LA JOLLA — Gov. George Deukmejian formally dedicated the UC San Diego Supercomputer Center on Monday, hailing the $100-million facility as "a treasure of modern technology" that will "help keep California on the cutting edge of a fiercely competitive global economy."
Deukmejian's glowing remarks echoed those of other speakers involved in the development of the center, one of five federally funded supercomputer facilities nationwide.
Like the other speakers, Sidney Karin, the center's director, stressed the economic and political importance of the supercomputer, which can perform almost 1 billion calculations per second.
"Technology development has been the basis for maintaining the United States in a position of world leadership . . . in economic growth, social development, high standards of living, in national defense," Karin said.
"Other nations are beginning to challenge us in these areas and something must be done to reverse the tide. . . . That something is to make state-of-the-art computers available to the nation's researchers."
The National Science Foundation chose UCSD as the site of the only supercomputer in the Western United States in February, 1985. Construction of the center was completed nine months later and the center's showpiece--a $14-million Cray supercomputer--has been operating since December.
Kerry Dance, president of La Jolla-based GA Technologies, which operates the center under a contract with the NSF, said the center's greatest contribution will be to produce "a generation of researchers and scientists with hands-on experience with supercomputers."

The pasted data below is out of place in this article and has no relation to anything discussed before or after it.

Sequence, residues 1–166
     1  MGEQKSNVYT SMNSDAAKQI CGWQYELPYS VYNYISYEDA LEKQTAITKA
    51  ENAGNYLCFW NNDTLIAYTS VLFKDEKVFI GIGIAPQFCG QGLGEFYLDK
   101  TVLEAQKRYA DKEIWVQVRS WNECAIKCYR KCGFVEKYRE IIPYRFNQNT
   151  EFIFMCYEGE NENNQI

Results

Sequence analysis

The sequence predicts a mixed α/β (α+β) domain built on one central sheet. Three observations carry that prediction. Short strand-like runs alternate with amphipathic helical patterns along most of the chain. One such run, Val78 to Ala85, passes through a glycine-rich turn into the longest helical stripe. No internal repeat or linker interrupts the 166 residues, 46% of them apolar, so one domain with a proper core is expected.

Eventually, researchers at 160 universities and institutions "from Hawaii to Harvard" will be able to tie in to the supercomputer network, Karin said.
Using the supercomputer and its accompanying arsenal of mini-supercomputers, disk drives and data storage systems, researchers can process in a few minutes the same amount of information that would take days using a conventional computer. Among the supercomputer's possible uses are the study and prediction of earthquakes, the analysis of long-term weather patterns and the development of new drugs.
But most of the speeches at Monday's dedication ceremony emphasized the supercomputer's industrial applications, reflecting the private sector's role in funding the center. Of the $100 million required to build the center and operate it for its first five years, about a third has come from private business in the form of grants and research contracts.
Praising private industry for its contributions to supercomputer development, Tom Conally of the National Science Foundation board called the UCSD center "a visible symbol of remarkable cooperation between different components in our society."
However, UCSD Chancellor Richard Atkinson cautioned that government and business must commit themselves to continued funding for the project to be successful.
"This supercomputer center as presently configured is only a beginning," Atkinson said. "To stay at the forefront of technology will require the same pool of federal, state and private resources we've had so far."
Deukmejian said the state is committed to appropriating $1 million a year to the center for the next 10 years, adding that this was "a small price to pay" for the supercomputer's benefits. Any requests by the center's operators for additional funding "would be considered very seriously," he said.